So my plan for this blog was to write (on average at least) one post a week for an entire year to just see if I could, and maybe to polish out my writing. We're about 30 weeks into the year and I have only about 21 posts written, so it's fair to say that cat isn't getting back in the bag anytime soon.
And so, for the purpose of stat-padding, or, in a more charitable sense, writing without much original thought, I'm thinking of putting up a weekly "digest" of content I enjoyed across the internet and sporadically outside of it. Here goes nothing.
I finished Alexandria Bellefleur's Written in the Stars this week, a suggestion from NPR's Life Kit podcast. I haven't read a "romance" book that was solely "romance" in a long, long time, so this was a refreshing change of pace. About 10% into the book, I wasn't enjoying it very much because I genuinely didn't like either of the main characters. The writing as well as the characterization steadily improved, though, and I quite enjoyed the ride. It was pretty vanilla as things go, and played almost everything by the book, but that doesn't have to be a bad thing at all. I did feel like they rushed the end way too much, but that's alright. A fun read when you're all blocked up. 3.5/5.
Up next, I'm tackling the formidable Don Quixote (or rather The Ingenious Gentleman Don Quixote of La Mancha) by Miguel de Cervantes. It's absolutely massive and I'm not sure if it's my thing or whether I can even digest something of its size at this moment, but I feel like the only way to tackle it that would do it justice is to dive head-first into it, throwing caution to the wind.
I Published a Fake Paper in a ‘Peer-Reviewed’ Journal by Bradley Allf on Undark. : An interesting look into how predatory "academic journals" exist to lend credibility to pretty much anything you'd like to get published, for the right price. Of course, some of them are happy to forgo the price of admission too, so long as they can recoup some other amount from readers down the line. A disgusting, scummy hive of misinformation and among the absolute worst that capitalism has to offer. Made me think about how we define credibility, how we must battle misinformation, and how we could build more robust systems in the future to tackle these issues.
Lessons learned from 15 years of SumatraPDF by Krzysztof Kowalczyk : Up close and personal with what has been and will always be one of my favourite pieces of software to be written for Windows. SumatraPDF is light, quick, customizable, and compatible with most formats you throw at it. It is shockingly great, and even now, years after having dropped Windows, my heart pines for it every now and then.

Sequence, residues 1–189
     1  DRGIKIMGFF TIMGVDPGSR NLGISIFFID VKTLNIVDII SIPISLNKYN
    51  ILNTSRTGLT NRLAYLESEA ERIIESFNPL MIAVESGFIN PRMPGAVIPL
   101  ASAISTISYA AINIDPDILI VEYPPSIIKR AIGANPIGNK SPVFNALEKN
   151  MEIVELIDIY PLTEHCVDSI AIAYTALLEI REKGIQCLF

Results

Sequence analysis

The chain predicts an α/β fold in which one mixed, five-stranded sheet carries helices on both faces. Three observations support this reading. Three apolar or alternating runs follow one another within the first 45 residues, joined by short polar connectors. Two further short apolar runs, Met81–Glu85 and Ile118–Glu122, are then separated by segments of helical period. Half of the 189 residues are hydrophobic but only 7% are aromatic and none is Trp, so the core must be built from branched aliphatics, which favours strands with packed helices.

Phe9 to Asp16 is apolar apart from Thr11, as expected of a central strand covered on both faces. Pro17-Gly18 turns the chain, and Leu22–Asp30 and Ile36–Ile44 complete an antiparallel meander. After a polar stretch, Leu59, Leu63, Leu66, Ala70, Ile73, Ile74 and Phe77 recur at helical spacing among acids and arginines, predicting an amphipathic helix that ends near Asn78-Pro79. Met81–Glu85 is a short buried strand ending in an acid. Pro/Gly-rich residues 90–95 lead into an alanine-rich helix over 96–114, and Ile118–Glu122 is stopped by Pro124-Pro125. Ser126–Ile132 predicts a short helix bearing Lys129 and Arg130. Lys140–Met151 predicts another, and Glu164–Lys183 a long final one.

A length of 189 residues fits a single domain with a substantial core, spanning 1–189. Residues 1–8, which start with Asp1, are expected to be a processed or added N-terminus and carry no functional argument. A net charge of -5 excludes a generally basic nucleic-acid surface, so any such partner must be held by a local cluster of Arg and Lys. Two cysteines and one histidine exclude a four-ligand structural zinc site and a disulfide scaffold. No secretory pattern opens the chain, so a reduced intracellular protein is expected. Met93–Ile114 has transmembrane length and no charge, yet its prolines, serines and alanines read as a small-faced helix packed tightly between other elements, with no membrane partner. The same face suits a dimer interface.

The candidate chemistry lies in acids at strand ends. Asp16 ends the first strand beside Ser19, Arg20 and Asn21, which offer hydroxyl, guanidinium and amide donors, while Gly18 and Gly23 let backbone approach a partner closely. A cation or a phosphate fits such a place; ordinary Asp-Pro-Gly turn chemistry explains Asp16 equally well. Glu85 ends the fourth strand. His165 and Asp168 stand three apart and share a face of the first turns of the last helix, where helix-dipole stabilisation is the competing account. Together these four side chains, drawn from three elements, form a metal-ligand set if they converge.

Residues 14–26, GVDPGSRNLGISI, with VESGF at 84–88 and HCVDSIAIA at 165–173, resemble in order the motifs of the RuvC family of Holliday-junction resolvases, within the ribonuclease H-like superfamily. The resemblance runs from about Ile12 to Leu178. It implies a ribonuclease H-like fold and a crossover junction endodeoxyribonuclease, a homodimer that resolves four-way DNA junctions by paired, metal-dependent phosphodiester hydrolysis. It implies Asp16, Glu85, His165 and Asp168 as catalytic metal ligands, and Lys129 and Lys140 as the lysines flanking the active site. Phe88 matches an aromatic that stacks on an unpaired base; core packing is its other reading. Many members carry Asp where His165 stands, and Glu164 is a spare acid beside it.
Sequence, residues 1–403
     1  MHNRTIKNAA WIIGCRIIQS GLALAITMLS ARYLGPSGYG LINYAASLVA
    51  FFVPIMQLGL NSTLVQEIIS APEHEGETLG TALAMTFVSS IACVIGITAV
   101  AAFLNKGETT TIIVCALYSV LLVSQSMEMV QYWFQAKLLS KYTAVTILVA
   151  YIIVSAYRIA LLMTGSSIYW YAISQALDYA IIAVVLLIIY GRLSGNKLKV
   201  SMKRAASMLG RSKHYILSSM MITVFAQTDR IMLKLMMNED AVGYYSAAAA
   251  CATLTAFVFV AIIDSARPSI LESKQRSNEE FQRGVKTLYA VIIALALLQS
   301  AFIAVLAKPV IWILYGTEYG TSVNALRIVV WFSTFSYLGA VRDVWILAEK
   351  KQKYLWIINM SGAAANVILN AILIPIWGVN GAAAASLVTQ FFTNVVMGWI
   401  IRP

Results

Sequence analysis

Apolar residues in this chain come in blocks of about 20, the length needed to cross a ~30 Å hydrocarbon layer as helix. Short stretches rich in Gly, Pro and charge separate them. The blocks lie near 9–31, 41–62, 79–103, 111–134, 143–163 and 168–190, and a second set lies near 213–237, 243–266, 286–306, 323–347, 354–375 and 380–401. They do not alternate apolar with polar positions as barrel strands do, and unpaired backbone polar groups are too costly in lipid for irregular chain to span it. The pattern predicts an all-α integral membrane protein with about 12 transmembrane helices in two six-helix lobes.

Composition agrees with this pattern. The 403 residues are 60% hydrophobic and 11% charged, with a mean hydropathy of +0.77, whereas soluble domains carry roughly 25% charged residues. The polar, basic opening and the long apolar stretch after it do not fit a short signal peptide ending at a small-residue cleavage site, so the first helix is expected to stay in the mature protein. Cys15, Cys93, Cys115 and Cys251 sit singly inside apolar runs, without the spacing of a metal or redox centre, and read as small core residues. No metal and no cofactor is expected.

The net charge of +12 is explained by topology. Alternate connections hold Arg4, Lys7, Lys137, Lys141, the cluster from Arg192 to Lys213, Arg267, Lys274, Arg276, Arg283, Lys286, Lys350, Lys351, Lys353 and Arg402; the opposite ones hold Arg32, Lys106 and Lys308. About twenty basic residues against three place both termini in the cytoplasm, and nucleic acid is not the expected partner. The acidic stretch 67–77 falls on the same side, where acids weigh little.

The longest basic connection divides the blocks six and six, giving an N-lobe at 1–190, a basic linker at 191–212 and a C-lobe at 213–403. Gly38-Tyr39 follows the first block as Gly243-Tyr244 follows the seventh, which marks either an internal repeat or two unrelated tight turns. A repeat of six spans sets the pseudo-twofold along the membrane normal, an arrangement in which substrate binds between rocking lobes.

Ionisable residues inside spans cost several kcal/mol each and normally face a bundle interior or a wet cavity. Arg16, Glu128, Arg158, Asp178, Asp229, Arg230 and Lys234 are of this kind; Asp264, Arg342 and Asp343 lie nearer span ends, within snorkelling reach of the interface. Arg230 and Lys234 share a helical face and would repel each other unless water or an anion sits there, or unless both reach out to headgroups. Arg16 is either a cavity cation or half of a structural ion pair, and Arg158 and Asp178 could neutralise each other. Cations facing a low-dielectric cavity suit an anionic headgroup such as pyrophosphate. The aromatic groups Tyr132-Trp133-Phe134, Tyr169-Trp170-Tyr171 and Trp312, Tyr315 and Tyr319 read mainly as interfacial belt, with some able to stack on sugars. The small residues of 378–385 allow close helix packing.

The Beigeness, or How to Kill People with Bad Writing: The Scott Alexander Method by Elizabeth Sandifer on Eruditorum Press: Did a better job articulating how I feel about the rationalist superhero that is Scott "Astral Phoenix Ten" (formerly Slate Star Codex) Alexander. Also raised larger issues with the rationalist community that I mostly agree with.
A COMPLETELY Upgradeable Laptop?- Linus Tech Tips on YouTube : A look into the Framework Laptop project that seeks to solve a lot of the issues plaguing laptops in the market right now. This is a cause I am fully behind, and I am greatly impressed by how they have been able to keep prices fairly competitive with top of the line laptops from big name brands despite not having the scale yet.
my cats ruin everything- Zoe Bee on YouTube : Zoe is a new(er) creator that I am extremely fond of. Her video on Sanora Babb spoke to me- it showed a passion for literature and a genuine affection for humankind that I can't quite put into words, but I found it lovely. More on topic, she has several incredible cats- Desmond, the orange tabby that is the prime subject of this video, reminds me a lot of Simba, my orange tabby who went missing a month back and has not made his way back to us. He was innocent, affectionate, cuddly and hundreds of things I never knew I needed and I never deserved- I miss him every single day.
Until next week.